Calabarzon also has 23 schools in the list followed by Central Luzonwith 20. Illocos Region, 16; Bicol Region, 14; SOCCKSARGEN, 8; Northern Mindanao, 7; Zamboanga Peninsula, Davao region and Cordillera Administrative Region, 6; Cagayan Valley and Central Visayas, 5; CARAGA region, 3; and Eastern Visayas and Mimaropa region, 1.

Angeles cleared that the CHED has fairly evaluate each nursing schools.

To be fair to all the schools, we had to do a lot of verification,he said.

Starting next year, CHED will enforce a rule that schools with below five percent performance in the licensure exam for three consecutive will face revocation with their permits and will asked to phase out their course offered.

On the other hand, some universities and colleges had already stopped offering nursing courses such as: Bacarra Medical Center School of Midwifery, Antipolo School of Mursing and Midwifery, Heroes Memorial College, Kolehiyo ng Mamamayan, Cotabato Maritime Academy, Ignatian College, Clinica Arellano School of Midwifery, Quezon Memorial College, Sta. Teresita College, Baguio General Hospital, Chong Jua Hospital School of Nursing, Faith Hospital School of Midwifery, Manila College of Optometry, Ortanez University, and the Philippine Union College of Caloocan.

Wednesday, September 9, 2009


The Philippine Nurses Association (PNA) vehemently
declares the decision of the Bicameral Conference
yesterday afternoon (June 1, 2009 at 3:00 pm) held in
Tanada Room of Senate as an "ACT OF INJUSTICE" and
Salary Standardization Law III that was approved in the
said Bicameral Conference, the entry salary of one nurse
in the government has been pegged to Salary Grade 11
which in numerical terms means additional Php6,000
spread in 4 years. "This is an act of injustice to
Filipino Nurses", according to Dr. Teresita
Irigo-Barcelo, the PNA National President. She further
elaborated that in the last seven (7) years, the
government deprived the Filipino Nurses of their right to
Salary Grade 15 entry level salary mandated in the
Nursing Law (Republic Act 9173). Thus, the decision of
the Bicameral Conference literally "killed" the said
law, denying Filipino Nurses' right to humane salaries.

The government remained deaf to the cry of our own nurses
for a living wage. At the midst of global crisis and
emerging health crisis such as the H1N1 pandemic issue,
Filipino nurses delivered services to the best of their
ability to save thousands of lives. But these nurses are
also human beings with basic needs for survival. How can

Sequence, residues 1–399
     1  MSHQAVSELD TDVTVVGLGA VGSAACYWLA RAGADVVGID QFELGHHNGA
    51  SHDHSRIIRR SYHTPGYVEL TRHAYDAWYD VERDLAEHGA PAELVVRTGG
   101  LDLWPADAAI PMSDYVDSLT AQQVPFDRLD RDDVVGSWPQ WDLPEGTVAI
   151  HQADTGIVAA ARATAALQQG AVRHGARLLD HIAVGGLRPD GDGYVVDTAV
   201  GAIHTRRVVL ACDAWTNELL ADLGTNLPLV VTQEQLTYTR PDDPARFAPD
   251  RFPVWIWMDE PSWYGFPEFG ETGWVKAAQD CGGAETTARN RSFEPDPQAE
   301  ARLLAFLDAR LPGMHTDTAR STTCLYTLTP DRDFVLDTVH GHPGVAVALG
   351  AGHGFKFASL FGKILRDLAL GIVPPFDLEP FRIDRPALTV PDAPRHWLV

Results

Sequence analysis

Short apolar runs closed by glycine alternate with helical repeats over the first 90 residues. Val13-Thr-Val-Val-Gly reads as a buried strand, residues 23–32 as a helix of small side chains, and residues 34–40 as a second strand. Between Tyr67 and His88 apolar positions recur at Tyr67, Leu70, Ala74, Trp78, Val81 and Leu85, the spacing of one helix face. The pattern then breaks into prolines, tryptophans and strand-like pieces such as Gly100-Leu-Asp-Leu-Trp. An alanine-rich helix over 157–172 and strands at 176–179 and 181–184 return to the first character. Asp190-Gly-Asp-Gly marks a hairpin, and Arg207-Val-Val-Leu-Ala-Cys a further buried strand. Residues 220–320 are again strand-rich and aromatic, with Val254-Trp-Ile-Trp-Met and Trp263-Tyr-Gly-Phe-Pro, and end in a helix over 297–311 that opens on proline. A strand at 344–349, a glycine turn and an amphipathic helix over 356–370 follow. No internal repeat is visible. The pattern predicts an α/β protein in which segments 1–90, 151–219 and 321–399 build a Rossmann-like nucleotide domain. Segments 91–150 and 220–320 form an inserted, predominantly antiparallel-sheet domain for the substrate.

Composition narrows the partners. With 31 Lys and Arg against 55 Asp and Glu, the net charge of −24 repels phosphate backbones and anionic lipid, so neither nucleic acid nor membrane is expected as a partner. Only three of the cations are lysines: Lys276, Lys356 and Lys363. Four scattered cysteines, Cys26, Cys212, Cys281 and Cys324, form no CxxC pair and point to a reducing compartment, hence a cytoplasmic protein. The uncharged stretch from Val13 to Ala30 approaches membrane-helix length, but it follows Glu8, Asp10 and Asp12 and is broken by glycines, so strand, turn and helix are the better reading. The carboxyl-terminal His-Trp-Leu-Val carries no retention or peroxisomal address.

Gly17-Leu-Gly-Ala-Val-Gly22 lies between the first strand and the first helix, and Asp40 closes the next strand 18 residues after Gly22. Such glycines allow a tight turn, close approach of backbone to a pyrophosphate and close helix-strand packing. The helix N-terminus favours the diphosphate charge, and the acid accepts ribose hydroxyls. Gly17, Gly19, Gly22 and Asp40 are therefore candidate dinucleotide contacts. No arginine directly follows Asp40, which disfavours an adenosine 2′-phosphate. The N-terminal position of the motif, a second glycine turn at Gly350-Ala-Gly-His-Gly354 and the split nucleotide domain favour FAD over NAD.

they serve more efficiently if they, too, are dying of
hunger and are not able to access health services
themselves because of starving salaries? How can the
government respond to the prevailing health crisis if its
poor citizens cannot access health services because
thousands of Filipino nurses are leaving the country?

The Bicameral decision unmasked the government's apathy
to the plight of our poor Filipino people who have no
access to quality health services. With the disapproval
of SG 15, thousands more nurses will leave the country
aggravating the inaccessibility of poor people to health
services. Filipino nurses must affirm its stand against
all forms of injustice that denies the basic right of
Filipino people to quality life!

Teresita I. Barcelo, PhD, RN
National President
June 3, 2009



Filipino nurses are very much welcome to work in New
Zealand, contrary to earlier reports circulating in the
press and broadcast media. This was the assurance given
by visiting executives of the Nursing Council of New
Zealand to the Department of Foreign Affairs, even as New
Zealand continues to adopt measures to facilitate the
continued entry of competent foreign nurses into the

The assurance was given by Chief Executive Ms. Carolyn
Reed and Registration Manager Ms. Andrea McCance both of
the Nursing Council of New Zealand, during their call on
Dr. Teresita Barcelo, President of the Philippine Nurses
Association (PNA) and Dean Carmelita Divinagracia,
President of the Association of Deans of Philippine
Colleges of Nursing (ADPCN). The DFA was represented by
ASPAC Director J. Susana Paez and OUIER Director Eric
Gerardo Tamayo.

The council executives visited the Philippines upon the
suggestion of Philippine Ambassador to New Zealand
Bienvenido Tejano, and in their hope of undertaking
consultations with their counterparts in the Philippines.
The Executives held separate meetings with officials of
the Professional Regulatory Commission (PRC) and the
Commission on Higher Education (CHED).

Ms. McCance further informed that rather than
discriminating against foreign nurses, the Nursing
Council has been making it less complicated for qualified
foreign nurses to come to New Zealand. Steps they have